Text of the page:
NVH engineers are faced with the challenge of designing trim parts for vehicle interior and exterior, like inner dash insulators, carpets, underbody shields or engine encapsulations, which can be made with very different Bills of Materials (BOMs) including among others foams, felts or heavier layers. The measurables commonly used to rank various solutions are Transmission Loss (TL) and absorption. Depending on the numerical analysis method, different approaches may be considered for the evaluation of the TL of an automotive component. In particular, in Statistical Energy Analysis (SEA), automotive components are modeled as an assembly of panels having a simple shape, e.g. flat panels and/or panels with single or double curvature. Furthermore, in SEA the trim is normally modeled by means of the Transfer Matrix Method (TMM), which is essentially a 2-dimensional methodology. This paper intends to analyze in some depth the level of approximation that these practices bring with themselves, specifically in relation to the modelling of an automotive floor. More in detail, the aim of the paper is first to investigate what impact has the presence of the tunnel on the TL of a vehicle floor in bare and trimmed conditions and then to evaluate if the presence of the tunnel can be better modeled by using a semi-cylinder or three flat plates welded together in a trapezoidal shape, both shapes considered as a reasonable simplification of the actual geometry of a typical tunnel. The analysis is carried out at simulation level using FE.  To investigate both air bone noise and structure borne noise transmission, two types of excitations are used: a diffuse acoustic pressure field applied to the entire floor surface and an imposed displacement applied to the edge of the floor surface. Furthermore, 3 different kind of trims are taken into consideration in order to analyze if and how the tunnel modeling strategy may influence the evaluation of the trim effectiveness.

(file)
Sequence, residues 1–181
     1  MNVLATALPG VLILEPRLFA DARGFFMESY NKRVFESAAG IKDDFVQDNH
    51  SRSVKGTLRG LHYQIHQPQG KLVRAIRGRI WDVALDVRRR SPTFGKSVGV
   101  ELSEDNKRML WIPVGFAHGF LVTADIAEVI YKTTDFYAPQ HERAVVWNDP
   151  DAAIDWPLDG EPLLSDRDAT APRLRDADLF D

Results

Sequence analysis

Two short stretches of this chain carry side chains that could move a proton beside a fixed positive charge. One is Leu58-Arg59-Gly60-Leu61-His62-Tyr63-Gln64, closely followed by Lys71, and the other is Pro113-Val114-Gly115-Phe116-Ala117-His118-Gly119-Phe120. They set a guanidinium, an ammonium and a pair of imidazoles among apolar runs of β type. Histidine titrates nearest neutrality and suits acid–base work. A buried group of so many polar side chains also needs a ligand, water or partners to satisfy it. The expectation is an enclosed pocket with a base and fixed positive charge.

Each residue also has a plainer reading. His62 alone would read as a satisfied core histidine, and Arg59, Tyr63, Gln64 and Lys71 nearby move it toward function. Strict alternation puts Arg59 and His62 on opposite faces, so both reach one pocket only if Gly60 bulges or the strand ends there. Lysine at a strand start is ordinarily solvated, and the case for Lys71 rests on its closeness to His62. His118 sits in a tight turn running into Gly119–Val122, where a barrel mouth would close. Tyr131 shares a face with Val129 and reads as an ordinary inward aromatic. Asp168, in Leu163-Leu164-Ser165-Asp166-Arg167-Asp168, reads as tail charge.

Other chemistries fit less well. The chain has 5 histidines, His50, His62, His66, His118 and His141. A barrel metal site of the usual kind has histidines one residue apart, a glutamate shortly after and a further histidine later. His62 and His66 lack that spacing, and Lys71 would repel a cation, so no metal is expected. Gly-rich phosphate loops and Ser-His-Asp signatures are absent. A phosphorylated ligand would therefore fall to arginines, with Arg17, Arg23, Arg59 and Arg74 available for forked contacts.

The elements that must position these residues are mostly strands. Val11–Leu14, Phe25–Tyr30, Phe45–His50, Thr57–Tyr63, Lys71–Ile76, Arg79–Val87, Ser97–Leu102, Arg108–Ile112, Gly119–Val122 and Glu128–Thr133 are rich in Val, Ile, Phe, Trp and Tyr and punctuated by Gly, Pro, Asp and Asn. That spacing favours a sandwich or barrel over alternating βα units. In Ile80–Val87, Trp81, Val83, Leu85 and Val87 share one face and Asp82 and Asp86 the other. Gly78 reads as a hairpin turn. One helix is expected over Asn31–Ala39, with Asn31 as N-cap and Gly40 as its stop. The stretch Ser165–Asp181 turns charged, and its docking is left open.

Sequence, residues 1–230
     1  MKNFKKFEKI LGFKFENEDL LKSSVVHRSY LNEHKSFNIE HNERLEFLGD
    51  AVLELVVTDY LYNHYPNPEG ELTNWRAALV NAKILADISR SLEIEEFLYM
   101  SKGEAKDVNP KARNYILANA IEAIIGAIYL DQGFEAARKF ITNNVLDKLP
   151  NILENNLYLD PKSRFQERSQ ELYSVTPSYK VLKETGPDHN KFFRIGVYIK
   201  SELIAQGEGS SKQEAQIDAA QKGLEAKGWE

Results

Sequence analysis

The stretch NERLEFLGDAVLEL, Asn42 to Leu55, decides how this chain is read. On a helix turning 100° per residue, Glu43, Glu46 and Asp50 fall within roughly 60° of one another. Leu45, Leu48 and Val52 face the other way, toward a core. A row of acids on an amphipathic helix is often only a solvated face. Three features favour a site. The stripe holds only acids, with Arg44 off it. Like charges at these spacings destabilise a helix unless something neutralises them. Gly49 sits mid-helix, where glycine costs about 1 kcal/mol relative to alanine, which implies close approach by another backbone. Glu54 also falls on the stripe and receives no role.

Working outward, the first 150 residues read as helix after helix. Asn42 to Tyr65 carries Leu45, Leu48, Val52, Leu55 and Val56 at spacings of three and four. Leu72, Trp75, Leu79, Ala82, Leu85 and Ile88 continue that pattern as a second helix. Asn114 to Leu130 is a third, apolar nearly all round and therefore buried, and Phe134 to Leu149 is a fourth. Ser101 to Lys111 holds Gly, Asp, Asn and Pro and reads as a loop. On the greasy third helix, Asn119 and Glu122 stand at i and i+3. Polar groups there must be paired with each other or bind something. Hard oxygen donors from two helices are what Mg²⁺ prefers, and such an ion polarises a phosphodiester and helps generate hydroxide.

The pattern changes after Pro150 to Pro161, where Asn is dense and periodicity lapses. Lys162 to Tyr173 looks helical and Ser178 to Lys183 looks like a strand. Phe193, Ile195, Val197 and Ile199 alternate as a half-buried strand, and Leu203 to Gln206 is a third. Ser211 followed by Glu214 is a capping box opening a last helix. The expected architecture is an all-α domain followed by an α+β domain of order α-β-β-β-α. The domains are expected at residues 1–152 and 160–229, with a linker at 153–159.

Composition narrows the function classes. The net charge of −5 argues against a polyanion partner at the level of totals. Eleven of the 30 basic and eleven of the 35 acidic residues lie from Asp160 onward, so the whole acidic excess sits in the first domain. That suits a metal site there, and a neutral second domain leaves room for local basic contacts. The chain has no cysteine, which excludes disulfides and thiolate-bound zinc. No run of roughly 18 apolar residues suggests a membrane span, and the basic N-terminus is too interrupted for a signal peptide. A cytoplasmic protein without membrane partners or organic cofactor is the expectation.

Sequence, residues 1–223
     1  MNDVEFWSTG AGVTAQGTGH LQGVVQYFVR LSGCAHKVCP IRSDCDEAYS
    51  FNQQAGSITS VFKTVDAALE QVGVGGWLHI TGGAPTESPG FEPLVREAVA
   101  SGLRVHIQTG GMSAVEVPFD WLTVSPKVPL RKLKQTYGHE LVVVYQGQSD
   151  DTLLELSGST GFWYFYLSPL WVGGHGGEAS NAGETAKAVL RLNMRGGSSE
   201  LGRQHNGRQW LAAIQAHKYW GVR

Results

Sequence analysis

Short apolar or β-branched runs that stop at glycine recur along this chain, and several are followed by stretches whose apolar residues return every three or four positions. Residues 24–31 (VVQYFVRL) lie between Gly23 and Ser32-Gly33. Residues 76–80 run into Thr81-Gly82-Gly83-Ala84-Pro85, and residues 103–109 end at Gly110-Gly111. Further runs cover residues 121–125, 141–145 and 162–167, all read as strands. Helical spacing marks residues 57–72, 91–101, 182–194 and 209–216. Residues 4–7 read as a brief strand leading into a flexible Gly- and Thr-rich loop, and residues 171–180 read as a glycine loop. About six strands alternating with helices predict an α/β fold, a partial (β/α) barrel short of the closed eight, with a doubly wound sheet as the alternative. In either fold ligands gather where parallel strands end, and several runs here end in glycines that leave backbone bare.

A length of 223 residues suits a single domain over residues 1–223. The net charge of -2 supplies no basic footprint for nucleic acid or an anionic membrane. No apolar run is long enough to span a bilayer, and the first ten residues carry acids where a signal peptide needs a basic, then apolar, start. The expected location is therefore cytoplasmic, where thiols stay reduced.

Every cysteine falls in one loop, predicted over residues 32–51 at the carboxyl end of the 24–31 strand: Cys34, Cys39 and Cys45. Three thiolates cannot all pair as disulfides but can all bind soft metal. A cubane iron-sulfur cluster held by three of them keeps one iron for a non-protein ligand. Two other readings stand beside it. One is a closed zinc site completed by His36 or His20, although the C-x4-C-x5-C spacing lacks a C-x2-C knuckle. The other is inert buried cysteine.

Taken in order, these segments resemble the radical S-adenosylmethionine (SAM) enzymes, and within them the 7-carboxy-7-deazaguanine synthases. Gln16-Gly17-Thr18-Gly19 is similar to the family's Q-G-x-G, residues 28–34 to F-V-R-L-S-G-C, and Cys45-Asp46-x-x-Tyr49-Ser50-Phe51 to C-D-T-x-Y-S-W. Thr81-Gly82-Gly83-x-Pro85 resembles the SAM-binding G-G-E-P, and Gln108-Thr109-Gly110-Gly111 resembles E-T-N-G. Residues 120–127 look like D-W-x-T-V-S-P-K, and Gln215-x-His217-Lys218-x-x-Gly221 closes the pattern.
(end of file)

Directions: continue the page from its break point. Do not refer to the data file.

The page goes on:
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Experimental study on cushioning behaviors of foam with different skin-liked covers
Time: 6:40 am

Author: heye xiao

Abstract ID: 2477

Periodic structures were used in foams to improve their cushioning ability in previous studies?which are usually constructed by additive manufacturing methods with high cost. To improve cushioning property of the foam materials at a low cost, foams with skin covers are proposed in this paper to provide a new idea for a structural design that is inspired by the composition of animal skins. The foam without covers and covered with three different skin types, including square shape, circle shape, and Pearlfish skin, are investigated in this study. The stiffness and acceleration responses of these structures are measured by static loading and dropping test respectively, which are used to evaluate their static and dynamic cushion properties. Based on the tested results, it demonstrated that the cover skins could improve the stiffness of the foam materials and decrease acceleration response of mass fixing on them in dropping test at 0.4 m and 0.5 m. The enhancement for cushion ability of the proposed structure in this paper is proved experimentally.

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Modeling and analysis for dynamic behavior of elevator traction system under the braking of safety gear
Time: 6:20 am

Author: Xiaolong Ma

Abstract ID: 2505

In the emergency case when the elevator car is over speeding in the downward direction, the traction car will be stopped rapidly by the braking of safety gear. However, the counterweight and the traction sheave are still moving, which maybe induces the collision between the counterweight and the traction sheave, the slip and off-track between the traction sheave and the rope. Therefore, a two sides mass-spring-damping rope model was proposed in this paper to investigate the dynamic behavior of elevator traction system under the braking of safety gear. In this model, the interaction between the car and the counterweight on both sides of the traction sheave was introduced. Meanwhile, the slip behavior and various constraints between the rope and traction sheave were respected in this model. Especially, the rope slack and the rope length change were considered to approach the mechanical properties of real rope. Furthermore, a numerical scheme based on Newmark- method was applied to solve the proposed dynamic model. Then the impacts of the braking force on the dynamic behavior of elevator traction system under different working conditions were deeply studied. Results showed the braking force of the safety gear, the speed and the acceleration of the traction sheave had great influences on the bounce of the counterweight. In fact, the braking performance, the vibrations of the car, rope and counterweight could be well analyzed based on this model, which is key for the realization of the steady and safe braking of traction elevator.